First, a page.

Is your case ‘unforgiveable’?
If you think you are different because what was done to you is not forgiveable, think again.
This book will show you how:
- There is nothing that you cannot forgive
- Forgiveness does not mean that you forget it happened or that you condone the act
- Forgiveness means that you chose to not let that circumstance or person affect your life or your health.
- The downside of staying angry is that they keep us connected in a powerless way with the people who have hurt us.
- When you forgive you take charge of your own emotions and your own life and you become the main character and the hero in the story you tell.
- Forgiveness helps us stop wasting our time trying to change people who do not want to change.
- Forgiveness allows us to manage the effect of other people’s hurtful actions in our lives.
- The forgiveness steps in this book can even help people who’ve lost a family member to murder, rape victims, and spouses who went through ugly divorces. They can also help you manage your day-to-day anger and become a forgiving person who is not affected by anything!
4 Stages of Becoming a Forgiving Person
A great way to see this is through Dr. Luskin’s 4 Stages of Becoming a Forgiving Person.
Most people are in stage 1 or 2. My aim is to reach stage 4!
Stage 1 – people at stage one experience a loss in their life, feel angry or hurt, and tend to justify their negative emotions.
Stage 2 – At stage two, after feeling upset with someone for a while we realise that our hurt and anger do not feel good. We begin to see the consequences of our grievance on our happiness and wellbeing.
Stage 3 – at this stage, we are in control. We are aware that the length of time we experience a situation as a grievance is primarily up to us.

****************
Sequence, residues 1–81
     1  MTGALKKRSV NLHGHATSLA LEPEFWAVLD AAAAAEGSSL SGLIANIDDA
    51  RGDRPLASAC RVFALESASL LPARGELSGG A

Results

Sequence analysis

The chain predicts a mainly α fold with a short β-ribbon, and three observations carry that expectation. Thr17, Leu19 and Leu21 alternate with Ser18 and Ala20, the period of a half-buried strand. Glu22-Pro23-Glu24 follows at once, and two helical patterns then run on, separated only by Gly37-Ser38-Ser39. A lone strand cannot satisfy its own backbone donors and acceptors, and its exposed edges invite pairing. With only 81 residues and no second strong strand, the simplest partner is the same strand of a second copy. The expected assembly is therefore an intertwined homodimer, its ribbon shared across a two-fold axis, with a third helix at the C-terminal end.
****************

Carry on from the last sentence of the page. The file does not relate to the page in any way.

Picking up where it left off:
Stage 4 – At this stage you become a forgiving person. This stage comes as you make the decision to forgive first and let many troubling things go. You become resistant to taking offense. You take total responsibility for how you feel.
Wanna learn how to forgive?
You have several options
I would recommend that you first start by taking note of all the ‘unenforceable rules’ that you’re trying to apply to the people around you. Stop applying YOUR rules to others. You cannot change people who don’t want to change, and you’ll only upset yourself in the process.
Then you should remember that your life is like a TV screen. There are many channels that you can watch, so you don’t have to stay on the ‘my husband cheated on me’ channel or the ‘my parents were unfair’ channel. Even if you’re very upset, the sun will still rise every morning and it will still be a beautiful sunrise. So switch the channel!
Most importantly, start noticing what you have and be grateful for it. A gratitude list is always a great reminder. Click here to read more on gratitude.
There are a lot more things you can do. Dr. Luskin has a step-by-step programme that is AMAZING!
I strongly recommend you get the book – Forgive for Good
by Dr. Fred Luskin. And once you’re done with it, pass it down to your loved ones.
If you want a quick guide to how to forgive (although I highly recommend you read the book as well), go to his website http://learningtoforgive.com and see his 9 steps to forgiveness.
Must see this
In the end, I will leave you with these great forgiveness quotes that I found in the book:
“Of the seven deadly sins, anger is possibly the most fun. To lick your wounds, to smack your lips over grievances long past, to roll over your tongue the prospect of bitter confrontation still to come, to savor to the last toothsome morsel both the pain you are given and the pain you are giving back – in many ways it is a feast fit for a king. The chief drawback is what you are wolfing down is yourself. The skeleton at the feast is you.” Frederick Buechner
“Good nature and good sense must ever join. To err is human, to forgive, divine.” Alexander Pope
Click here to listen to my interview with the author on DARE TO BE HEALTHY radio